Real World Evidence

Delivering Real World Evidence...

because clinical trials only get you so far

Experts in RWE generation

Real world evidence studies answer the question frequently asked by payors: ‘How do real patients perform on the medicine?’

This is in contrast to the randomised controlled trials, mandated by the regulatory bodies before a product is granted marketing authorisation, which are designed to answer the question: ‘Does the medicine work?’

The next question usually asked is: ‘How much more cost-effective is this medicine compared to the ones we already have?’

Delivering Real World Evidence... because clinical trials only get you so far.

Delivering Real World Evidence... because clinical trials only get you so far.

Medialis recognises the challenges of in-house delivery of medical affairs projects, offering a complete Intelligent End-to-End Medical Affairs delivery vehicle.

Medialis ensures the right strategic asset is generated for the right reason...communicated in the right way.
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Becoming pragmatic about the value of Real World Evidence

by Áine Dillon

Back in the mid 90’s, when I started out in the world of clinical research, there was a certain hauteur associated with working in Randomised Clinical Trials (RCTs). RCTs were the Theoretical Physics of the Natural Sciences. As for studies in the peri-approval/ post-authorization area…well you might as well have been counting pollen grains under a microscope. Roll on two decades and due to the competitive nature of health markets, determining safety and efficacy through RCTs is no longer sufficient, in isolation, to win market access. So, time to climb down from the ivory to tower, roll up those sleeves, and fully embrace the world of Pragmatic Clinical Trials (PCTs). Of course, the PCT concept is not new, having been introduced over half a century ago in the seminal paper published by Schwarz & Lellouch [1].  Pragmatic trials aim to measure the relative effectiveness of treatment strategies in real world clinical practise. Pragmatic and explanatory trials (which measure efficacy under ideal conditions, such as typical phase 3 RCTs) represent ends of a continuum rather than distinct entities (Thorpe et al, 2009)[2].  So why the need for PCTs? For most new market-approved treatments, the clinical evidence (mainly phase 3 RCTs) is still insufficient to fully guide clinicians and policy makers in choosing the optimal treatment for their patients. Pragmatic trials can help supplement this data with Real World Evidence (RWE).Non-Interventional Studies (NIS) such as Observational Studies & Patient Registries can also provide valuable RWE. They differ from PCTs, in that there is no randomisation used to assign a patient to a particular therapy. No additional diagnostic or monitoring procedures are applied to patients and epidemiological methods are used for the analysis of the collected data. In a recent report in the Economist Intelligence Unit[3], on the findings of a quantitative study conducted around drug development and market access, adaptive trial designs, patient-centric trials, precision medicine trials and real-world data trials consistently deliver against industry success criteria.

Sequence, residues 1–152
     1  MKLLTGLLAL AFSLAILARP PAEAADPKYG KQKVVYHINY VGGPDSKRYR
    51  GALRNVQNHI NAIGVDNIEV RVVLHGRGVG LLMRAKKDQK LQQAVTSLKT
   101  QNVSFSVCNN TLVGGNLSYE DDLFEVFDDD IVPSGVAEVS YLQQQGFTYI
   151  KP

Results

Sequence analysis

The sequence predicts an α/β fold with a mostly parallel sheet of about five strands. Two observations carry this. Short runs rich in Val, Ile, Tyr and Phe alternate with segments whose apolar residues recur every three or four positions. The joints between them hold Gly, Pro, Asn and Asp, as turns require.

1.Schwartz, D. and Lellouch, J.Explanatory and pragmatic attitudes in therapeutical trials.J Chronic Dis.1967;20:637–6482. Thorpe, KE; et al. (2009), “A pragmatic-explanatory continuum indicator summary (PRECIS): a tool to help trial designers”,J Clin Epidemiol,62(5):464475,doi:10.1016/j.jclinepi.2008.12.011,PMC26798243.

RWE in the Middle East and North Africa (MENA) region

by Jesica Levingston Mac Leod

The high incidence of rare diseases in the Middle East and North Africa (MENA) region is only one of the reasons why companies are looking into this area to expand their portfolios. The area includes the following countries: Algeria, Bahrain, Djibouti, Egypt, Iran, Iraq, Israel, Jordan, Kuwait, Lebanon, Libya, Malta, Morocco, Oman, Qatar, Saudi Arabia, Syria, Tunisia, United Arab Emirates, West Bank and Gaza, and Yemen. Ethiopia and Sudan are sometimes included, to account for a total population of over 400 million people.

Some interesting characteristics of the region are the share languages, religions and activities across borders. For example, the shared Arabic language and some holidays, such as Ramadan, might offer a similar management across countries, which facilitates the generation of RWE.

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